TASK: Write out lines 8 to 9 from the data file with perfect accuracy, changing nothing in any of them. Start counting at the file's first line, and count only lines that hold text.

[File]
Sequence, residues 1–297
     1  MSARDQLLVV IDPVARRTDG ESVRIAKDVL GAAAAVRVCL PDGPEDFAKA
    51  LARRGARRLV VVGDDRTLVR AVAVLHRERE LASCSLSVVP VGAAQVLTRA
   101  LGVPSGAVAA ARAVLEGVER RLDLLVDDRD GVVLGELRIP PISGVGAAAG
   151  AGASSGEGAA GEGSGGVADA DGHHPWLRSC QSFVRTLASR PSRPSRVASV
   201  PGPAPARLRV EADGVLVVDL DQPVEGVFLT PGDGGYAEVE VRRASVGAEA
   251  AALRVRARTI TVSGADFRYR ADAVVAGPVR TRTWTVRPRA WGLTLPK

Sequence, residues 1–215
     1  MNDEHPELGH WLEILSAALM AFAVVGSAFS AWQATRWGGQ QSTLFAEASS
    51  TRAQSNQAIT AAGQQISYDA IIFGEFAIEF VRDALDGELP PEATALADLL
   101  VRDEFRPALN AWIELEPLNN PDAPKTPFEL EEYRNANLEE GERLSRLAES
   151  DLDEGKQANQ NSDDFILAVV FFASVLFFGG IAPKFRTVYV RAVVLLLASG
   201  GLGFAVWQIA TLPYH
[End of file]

Sequence, residues 1–215
     1  MNDEHPELGH WLEILSAALM AFAVVGSAFS AWQATRWGGQ QSTLFAEASS